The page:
“If you did anything to save yourself, then yes it would be selfish. But you don’t! God does everything to save you. He starts the process, he continues the process, and he finishes the process. So how can you be selfish about something you have nothing to do with? You can’t! There’s nothing you can do, but fall on your face and say thank you, THANK YOU, for saving me!”

I’m sure I wasn’t that eloquent, but the main points are the same. And that’s where I left our interaction. He seemed genuinely pleased with the answer.

The Difference Between the Answers

Do you see the difference between my answer and the one that many Christians would give?

The roots of the answers are the same: Christian faith is about gratitude. Indeed it is. But in my answer, that gratitude is the only rational response. Not so with the other.

In the “common Christian” answer the gratitude is actually just a thin layer of humility sprinkled over a big helping of selfishness, hoping it masks the taste.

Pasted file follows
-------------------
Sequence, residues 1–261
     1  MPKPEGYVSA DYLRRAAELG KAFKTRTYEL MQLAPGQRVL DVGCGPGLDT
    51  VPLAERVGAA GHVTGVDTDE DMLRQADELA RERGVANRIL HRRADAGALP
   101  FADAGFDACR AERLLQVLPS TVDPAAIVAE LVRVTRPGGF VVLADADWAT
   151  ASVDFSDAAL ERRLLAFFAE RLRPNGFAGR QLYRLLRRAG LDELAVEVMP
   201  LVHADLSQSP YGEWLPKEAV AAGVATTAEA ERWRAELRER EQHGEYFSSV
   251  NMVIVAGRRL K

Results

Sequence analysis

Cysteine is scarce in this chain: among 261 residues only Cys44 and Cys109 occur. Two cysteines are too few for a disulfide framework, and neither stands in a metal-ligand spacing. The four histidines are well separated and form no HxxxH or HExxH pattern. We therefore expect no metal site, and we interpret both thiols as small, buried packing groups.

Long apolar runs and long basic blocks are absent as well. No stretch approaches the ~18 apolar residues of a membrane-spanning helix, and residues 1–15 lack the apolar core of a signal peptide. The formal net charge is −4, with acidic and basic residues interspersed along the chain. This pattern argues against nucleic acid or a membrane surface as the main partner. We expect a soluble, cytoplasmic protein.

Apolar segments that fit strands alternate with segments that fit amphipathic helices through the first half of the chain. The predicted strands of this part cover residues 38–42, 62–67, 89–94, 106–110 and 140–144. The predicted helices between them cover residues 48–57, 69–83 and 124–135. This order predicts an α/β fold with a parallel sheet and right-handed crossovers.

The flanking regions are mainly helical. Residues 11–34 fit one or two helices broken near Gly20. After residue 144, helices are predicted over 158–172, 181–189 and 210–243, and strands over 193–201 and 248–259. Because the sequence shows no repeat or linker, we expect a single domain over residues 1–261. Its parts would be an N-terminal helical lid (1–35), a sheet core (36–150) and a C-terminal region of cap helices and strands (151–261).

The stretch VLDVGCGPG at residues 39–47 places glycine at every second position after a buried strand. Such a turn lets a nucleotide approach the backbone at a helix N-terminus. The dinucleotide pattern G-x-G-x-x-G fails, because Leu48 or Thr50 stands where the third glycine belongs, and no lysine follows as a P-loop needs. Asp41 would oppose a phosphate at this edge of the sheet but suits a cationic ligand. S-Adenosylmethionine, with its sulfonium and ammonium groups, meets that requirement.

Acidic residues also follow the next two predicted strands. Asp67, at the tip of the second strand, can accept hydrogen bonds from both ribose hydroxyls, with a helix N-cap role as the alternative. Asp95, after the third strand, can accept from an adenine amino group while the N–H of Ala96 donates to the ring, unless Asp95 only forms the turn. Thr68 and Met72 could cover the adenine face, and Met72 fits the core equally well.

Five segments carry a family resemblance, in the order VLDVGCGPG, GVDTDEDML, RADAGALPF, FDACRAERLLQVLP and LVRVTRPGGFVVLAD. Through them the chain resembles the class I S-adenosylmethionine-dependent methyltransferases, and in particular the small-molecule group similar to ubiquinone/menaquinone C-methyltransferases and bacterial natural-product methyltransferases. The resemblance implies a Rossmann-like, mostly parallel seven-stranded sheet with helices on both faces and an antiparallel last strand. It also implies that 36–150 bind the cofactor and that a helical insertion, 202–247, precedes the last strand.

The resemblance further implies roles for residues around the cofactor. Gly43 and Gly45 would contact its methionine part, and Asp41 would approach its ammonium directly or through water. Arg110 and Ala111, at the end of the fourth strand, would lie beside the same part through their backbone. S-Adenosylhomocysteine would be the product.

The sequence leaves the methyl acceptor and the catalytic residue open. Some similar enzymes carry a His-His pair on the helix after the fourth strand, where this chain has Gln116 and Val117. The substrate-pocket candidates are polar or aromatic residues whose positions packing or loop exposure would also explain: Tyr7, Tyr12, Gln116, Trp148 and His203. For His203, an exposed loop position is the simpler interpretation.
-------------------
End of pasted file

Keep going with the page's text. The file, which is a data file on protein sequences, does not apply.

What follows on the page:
The difference is a matter of choice. If you choose God, then your Christianity is necessarily selfish, to some extent. If not, if God chooses you, then selfishness doesn’t enter the picture.

The more I study the Bible, the further away from Armenian soteriology I’ve gotten. In non-theology lingo: The more I study the Bible, the more convinced I’ve become that God does the entire work of salvation, and my “free choice” doesn’t really enter into the picture.

I didn’t choose God; God chose me. Gratitude, selfless service, humble submission to a master are not the first responses of a person who “chooses to follow God.” They might come down the line, but they aren’t the initial response.